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Expression háth indeed been so little studied in public speaking , that we seem
almost to have forgotten the language of nature , and are ready to consider every
attempt to recover it as the laboured and affected effort of art . But Nature is ...
A young man who has been accustomed to perform frequent exercises in this art
in private , cannot easily persuade himself , when he appears before the public ,
to consider the business he has to perform in any other light , than as a See ...
... accused of pride , merely because their accusers would be proud themselves if
they were in their places . People frequently use this expression , I am inclined 10
think so and so , no considering that they are then speakin the most ...
Jupiter considering that this species , commonly called man , was too virtuous to
be miserable , and too vicious to be happy ; that he might make a distinction
betiveen the good and E ? the bad , ordered the two youngest of the above ...
WHEN Hercules was in that part of his youth , in which it was natural for him to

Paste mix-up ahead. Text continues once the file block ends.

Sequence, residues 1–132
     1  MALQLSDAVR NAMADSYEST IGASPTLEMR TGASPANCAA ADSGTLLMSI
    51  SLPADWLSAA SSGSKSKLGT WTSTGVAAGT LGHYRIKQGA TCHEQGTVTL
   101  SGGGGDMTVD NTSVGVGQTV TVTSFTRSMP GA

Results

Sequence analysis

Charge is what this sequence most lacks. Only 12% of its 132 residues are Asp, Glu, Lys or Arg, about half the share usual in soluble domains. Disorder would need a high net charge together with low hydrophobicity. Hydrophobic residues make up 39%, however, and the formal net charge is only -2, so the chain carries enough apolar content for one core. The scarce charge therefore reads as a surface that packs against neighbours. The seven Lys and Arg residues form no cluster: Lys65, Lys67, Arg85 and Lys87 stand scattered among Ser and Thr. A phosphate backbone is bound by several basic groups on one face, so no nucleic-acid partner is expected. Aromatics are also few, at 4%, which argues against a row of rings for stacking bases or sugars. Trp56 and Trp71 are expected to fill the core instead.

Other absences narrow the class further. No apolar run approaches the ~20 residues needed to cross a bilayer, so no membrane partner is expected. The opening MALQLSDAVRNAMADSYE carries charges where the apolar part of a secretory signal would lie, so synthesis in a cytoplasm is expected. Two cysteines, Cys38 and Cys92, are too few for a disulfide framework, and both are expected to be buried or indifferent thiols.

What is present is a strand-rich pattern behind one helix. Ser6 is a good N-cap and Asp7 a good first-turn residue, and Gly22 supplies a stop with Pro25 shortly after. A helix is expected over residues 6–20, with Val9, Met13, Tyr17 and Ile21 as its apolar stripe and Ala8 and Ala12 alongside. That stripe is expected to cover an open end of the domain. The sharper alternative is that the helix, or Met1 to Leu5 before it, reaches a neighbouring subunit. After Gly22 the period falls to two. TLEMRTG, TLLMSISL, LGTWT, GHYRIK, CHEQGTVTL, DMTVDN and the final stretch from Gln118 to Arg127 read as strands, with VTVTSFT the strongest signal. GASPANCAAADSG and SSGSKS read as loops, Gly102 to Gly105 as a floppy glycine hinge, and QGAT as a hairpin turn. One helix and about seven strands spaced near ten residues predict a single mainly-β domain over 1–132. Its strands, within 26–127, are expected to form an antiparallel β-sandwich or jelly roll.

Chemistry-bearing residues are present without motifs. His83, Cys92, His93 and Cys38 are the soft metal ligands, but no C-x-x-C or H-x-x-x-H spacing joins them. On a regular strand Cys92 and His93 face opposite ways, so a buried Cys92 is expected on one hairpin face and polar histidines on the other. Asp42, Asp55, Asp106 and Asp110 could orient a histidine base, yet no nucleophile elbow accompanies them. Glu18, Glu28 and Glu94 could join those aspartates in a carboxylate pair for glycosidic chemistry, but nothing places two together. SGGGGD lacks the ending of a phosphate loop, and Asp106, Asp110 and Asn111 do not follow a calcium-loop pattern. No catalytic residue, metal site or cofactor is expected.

consider what course of life he ought to pursue , he one day retired to a desert ,
where the silence and solitude of the place very much favoured his meditations .
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This reader was initially published as a British reader, and then imported to America. According to Henry W. Simon, it was first published in America in Philadelphia in 1799. He was unaware of this second American printing. There is also another printing -- from New York in 1812 -- of which he too was unaware. Thus far, these are the only three American printings of which I am aware. In a visit to the Harvard archives, I noticed in their records that the Institute of 1770, an early literary society there, often read aloud from Enfield in their meetings in the 1770s and 1780s (though this would have been a British version of the text, not the American one depicted here).